There are many reasons that more than one million people have discovered the benefits of Craftmatic® Brand Adjustable Beds. For those with trouble getting into the best sleep position, adjustable beds are a huge help. For the 90 million Americans who live with snoring, adjustable beds may help people sleep upright, which may reduce or ease light and occasional snoring.
But the most common reason people invest in adjustable beds is because they’re searching for a better night’s sleep.
Recently, we told you all the ways lack of sleep impacts weight gain. In this blog post, we’ll discuss a new study from the University of Pennsylvania that shows this effect actually goes both ways.
That Junk Food Could Be Keeping You Up at Night…
When you miss out on those precious hours of sleep, you’re far more likely to indulge in sugary junk and fast food the next day. When you make a habit of missing sleep, you’re even more susceptible to food cravings in the long run. More than that, sleep helps your body heal and grow, and without it, your health suffers in numerous ways beyond a few extra pounds.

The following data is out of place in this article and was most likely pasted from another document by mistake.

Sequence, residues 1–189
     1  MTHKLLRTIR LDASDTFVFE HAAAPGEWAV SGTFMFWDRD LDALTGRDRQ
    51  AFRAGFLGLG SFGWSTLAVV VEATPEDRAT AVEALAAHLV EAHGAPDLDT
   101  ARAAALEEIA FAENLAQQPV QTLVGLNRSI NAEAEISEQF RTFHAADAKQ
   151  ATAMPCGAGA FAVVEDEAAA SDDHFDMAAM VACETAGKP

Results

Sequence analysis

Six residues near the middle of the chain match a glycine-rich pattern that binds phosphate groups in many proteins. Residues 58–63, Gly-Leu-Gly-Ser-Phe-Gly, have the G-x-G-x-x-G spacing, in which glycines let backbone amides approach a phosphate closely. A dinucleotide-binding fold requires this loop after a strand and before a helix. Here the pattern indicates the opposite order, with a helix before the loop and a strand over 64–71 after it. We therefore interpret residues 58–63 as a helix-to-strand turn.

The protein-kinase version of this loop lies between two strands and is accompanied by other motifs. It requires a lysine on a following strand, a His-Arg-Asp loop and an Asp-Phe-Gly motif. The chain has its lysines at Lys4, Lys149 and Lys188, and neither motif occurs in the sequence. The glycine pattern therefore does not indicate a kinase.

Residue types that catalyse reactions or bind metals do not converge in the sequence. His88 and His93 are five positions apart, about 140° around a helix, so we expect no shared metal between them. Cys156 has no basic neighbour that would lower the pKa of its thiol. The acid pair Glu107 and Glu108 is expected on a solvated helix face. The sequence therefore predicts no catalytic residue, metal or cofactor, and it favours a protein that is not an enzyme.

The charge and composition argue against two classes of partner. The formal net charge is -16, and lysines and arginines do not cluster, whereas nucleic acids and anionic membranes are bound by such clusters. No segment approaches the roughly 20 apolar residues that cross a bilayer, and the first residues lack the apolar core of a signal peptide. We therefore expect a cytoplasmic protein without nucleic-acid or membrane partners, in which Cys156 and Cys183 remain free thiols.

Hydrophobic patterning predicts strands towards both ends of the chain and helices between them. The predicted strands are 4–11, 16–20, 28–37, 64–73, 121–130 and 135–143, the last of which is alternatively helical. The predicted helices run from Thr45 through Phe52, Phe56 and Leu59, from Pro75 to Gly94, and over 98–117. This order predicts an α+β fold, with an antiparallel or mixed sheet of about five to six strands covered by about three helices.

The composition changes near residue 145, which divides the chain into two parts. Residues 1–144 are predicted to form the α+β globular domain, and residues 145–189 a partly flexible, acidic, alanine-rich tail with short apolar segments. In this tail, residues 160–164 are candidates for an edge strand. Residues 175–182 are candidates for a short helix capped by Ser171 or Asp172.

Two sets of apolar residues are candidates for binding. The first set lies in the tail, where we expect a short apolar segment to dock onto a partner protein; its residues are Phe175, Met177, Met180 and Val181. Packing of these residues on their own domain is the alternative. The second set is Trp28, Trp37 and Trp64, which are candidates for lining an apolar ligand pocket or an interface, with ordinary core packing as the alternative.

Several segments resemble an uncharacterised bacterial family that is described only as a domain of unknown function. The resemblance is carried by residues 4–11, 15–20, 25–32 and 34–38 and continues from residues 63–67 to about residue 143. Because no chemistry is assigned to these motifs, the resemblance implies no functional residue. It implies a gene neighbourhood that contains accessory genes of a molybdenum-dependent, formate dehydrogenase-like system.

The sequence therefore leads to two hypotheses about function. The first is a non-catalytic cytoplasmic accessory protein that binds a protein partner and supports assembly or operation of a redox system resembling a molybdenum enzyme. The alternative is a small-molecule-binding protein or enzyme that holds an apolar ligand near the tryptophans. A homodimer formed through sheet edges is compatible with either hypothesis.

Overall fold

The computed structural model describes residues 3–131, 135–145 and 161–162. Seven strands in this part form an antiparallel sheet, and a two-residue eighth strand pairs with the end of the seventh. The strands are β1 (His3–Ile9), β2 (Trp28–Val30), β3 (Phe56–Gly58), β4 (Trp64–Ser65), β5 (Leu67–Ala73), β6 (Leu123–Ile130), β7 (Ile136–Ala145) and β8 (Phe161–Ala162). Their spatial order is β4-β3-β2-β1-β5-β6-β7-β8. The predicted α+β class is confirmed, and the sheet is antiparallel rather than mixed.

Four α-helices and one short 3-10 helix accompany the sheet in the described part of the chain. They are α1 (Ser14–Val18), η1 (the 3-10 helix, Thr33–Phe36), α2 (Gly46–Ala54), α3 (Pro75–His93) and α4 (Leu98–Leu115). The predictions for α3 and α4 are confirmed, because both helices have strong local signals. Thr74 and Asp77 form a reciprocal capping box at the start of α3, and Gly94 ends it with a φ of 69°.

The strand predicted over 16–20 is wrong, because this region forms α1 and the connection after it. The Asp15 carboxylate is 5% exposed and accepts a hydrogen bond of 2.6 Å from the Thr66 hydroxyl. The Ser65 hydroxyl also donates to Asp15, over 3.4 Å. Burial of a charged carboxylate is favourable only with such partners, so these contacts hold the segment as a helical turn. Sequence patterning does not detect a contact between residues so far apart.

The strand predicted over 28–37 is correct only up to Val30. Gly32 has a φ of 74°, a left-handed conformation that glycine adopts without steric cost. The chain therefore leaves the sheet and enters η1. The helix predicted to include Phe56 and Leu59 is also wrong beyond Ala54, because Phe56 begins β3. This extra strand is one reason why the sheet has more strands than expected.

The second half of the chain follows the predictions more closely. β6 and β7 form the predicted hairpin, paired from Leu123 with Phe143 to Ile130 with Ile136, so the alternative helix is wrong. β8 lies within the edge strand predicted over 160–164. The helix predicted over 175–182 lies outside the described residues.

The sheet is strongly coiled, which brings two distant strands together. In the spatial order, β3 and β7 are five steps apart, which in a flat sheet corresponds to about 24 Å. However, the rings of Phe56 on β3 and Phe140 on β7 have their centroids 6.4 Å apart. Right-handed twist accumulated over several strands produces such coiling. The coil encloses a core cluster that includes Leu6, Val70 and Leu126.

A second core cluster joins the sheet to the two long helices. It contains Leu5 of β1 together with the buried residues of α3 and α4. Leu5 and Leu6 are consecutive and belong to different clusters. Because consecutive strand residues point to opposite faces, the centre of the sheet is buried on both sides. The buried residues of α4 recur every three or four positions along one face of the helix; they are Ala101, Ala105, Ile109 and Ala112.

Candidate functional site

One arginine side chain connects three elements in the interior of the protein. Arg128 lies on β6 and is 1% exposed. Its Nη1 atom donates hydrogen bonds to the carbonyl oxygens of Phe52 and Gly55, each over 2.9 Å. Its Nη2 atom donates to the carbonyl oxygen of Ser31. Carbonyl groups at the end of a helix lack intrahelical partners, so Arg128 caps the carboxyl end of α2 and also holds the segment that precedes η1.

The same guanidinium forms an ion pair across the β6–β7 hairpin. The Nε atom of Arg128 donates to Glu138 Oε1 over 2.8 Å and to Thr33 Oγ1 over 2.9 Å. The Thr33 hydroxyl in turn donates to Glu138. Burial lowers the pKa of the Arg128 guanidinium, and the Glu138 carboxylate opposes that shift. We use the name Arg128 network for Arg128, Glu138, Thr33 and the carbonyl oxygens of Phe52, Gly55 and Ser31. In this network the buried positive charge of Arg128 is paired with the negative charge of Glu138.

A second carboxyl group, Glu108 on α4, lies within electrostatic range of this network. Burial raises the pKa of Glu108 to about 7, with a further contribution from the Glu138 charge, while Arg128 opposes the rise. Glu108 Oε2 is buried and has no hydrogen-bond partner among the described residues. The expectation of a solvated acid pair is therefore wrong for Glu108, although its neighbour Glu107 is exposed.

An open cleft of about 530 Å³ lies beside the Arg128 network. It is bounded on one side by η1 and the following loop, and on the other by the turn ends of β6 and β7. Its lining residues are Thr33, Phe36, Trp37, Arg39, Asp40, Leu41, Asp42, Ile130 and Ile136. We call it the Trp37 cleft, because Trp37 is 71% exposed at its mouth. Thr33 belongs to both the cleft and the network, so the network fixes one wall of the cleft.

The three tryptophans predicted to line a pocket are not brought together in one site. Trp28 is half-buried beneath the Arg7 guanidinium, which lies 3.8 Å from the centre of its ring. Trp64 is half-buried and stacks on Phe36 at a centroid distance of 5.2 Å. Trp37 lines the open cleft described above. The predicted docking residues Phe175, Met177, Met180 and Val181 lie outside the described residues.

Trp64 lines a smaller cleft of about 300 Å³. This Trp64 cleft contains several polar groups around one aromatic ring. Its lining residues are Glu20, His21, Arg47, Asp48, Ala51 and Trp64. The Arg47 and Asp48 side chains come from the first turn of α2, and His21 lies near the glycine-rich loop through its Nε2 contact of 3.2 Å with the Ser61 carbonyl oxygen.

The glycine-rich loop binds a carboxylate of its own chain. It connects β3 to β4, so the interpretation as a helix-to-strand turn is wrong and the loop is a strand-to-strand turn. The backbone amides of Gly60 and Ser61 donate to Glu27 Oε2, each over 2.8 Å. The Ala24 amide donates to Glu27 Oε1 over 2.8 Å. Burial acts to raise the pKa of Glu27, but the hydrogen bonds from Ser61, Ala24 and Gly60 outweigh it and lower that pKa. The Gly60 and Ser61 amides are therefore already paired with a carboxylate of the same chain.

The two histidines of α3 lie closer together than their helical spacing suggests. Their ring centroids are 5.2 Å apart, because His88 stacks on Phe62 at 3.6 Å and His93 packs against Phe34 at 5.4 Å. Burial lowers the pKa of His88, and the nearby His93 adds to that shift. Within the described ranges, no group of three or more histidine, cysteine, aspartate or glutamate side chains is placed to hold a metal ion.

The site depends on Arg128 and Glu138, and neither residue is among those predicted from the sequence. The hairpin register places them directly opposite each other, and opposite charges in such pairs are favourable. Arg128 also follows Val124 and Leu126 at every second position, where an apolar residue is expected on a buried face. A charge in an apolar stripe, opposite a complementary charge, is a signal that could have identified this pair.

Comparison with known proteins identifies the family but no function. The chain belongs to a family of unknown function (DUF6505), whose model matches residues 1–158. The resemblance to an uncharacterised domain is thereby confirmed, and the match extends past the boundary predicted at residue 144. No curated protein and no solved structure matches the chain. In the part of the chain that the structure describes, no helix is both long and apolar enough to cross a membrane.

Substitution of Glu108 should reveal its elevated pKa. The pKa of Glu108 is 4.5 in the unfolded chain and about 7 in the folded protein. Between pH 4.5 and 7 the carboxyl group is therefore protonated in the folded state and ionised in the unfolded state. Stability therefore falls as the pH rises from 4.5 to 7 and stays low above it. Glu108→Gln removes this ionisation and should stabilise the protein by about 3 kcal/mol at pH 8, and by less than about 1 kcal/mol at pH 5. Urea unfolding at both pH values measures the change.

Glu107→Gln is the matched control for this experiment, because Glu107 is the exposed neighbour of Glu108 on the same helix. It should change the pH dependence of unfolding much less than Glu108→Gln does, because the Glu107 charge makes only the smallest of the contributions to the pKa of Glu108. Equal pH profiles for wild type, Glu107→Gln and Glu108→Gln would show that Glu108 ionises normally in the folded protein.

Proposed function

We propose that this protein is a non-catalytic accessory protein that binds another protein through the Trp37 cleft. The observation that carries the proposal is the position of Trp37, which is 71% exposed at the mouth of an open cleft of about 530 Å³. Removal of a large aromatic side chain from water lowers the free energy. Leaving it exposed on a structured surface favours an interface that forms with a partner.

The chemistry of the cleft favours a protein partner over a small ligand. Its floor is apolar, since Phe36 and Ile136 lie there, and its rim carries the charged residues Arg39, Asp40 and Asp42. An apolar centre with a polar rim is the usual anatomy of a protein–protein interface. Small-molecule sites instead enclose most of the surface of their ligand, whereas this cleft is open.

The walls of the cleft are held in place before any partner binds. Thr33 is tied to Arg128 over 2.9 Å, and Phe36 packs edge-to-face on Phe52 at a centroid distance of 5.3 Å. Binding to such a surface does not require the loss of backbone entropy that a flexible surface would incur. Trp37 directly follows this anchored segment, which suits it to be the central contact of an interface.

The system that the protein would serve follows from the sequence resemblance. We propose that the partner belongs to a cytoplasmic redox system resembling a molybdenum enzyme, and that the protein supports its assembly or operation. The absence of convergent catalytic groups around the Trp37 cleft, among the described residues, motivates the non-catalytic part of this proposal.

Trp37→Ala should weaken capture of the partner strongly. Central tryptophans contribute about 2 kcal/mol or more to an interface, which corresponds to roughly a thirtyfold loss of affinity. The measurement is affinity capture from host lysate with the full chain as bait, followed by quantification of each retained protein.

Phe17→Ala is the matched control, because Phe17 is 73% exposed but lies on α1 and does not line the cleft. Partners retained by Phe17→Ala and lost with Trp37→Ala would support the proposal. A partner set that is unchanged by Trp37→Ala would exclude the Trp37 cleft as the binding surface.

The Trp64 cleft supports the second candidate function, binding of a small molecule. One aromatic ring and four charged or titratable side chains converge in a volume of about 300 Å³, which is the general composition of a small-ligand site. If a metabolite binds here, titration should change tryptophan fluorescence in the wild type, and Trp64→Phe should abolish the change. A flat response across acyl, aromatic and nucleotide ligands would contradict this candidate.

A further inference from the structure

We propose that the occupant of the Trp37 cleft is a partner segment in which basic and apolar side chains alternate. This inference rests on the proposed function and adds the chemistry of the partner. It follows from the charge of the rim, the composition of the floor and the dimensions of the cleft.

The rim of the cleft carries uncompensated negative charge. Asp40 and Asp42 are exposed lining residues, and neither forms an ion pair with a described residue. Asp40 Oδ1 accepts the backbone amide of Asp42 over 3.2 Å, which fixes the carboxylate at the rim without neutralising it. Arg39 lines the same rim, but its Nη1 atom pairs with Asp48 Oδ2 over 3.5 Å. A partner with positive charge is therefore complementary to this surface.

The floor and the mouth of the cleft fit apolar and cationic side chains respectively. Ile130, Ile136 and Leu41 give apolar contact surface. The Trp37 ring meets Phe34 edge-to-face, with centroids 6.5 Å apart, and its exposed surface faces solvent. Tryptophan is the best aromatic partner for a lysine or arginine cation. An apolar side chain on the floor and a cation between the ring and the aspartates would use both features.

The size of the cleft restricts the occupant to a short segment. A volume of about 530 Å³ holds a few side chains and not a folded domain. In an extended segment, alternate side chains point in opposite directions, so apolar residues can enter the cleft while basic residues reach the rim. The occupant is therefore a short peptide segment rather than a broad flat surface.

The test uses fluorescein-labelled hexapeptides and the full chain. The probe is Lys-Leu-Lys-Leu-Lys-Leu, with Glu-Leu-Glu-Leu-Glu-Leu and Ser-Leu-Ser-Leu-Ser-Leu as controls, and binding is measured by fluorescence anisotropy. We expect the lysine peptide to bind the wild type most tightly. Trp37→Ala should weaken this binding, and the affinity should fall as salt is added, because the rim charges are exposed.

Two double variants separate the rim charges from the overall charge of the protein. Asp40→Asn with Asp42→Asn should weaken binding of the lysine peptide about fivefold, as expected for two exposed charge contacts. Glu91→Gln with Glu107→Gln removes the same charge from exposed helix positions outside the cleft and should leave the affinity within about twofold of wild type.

Yet this June, scientists from the Hospital of the University of Pennsylvania are warning that the effect works both ways as well: eating too much also has a major impact on your sleep quality.
What does that mean for you?
If you aren’t careful, then you could accidentally slip into a feedback loop, which is a fancy way of saying “self- fulfilling prophecy.” When you don’t get enough sleep, you’re more likely to snack, eat junk food, or break your diet. And when you load up on junk food during the day, you could have trouble sleeping at night. Rinse and repeat.
Interestingly, the Penn Medicine researchers were the same team who helped link poor sleep quality with weight gain in the first place, giving them unique insights into the ways that weight gain and sleep quality are related.
“In a culture of increasing pressure to sacrifice sleep to maintain productivity, this research adds to the body of knowledge on how lifestyle behaviors may influence the quality of our sleep” said Andrea M. Spaeth, PhD, the lead author of the study. [Source: ScienceDaily]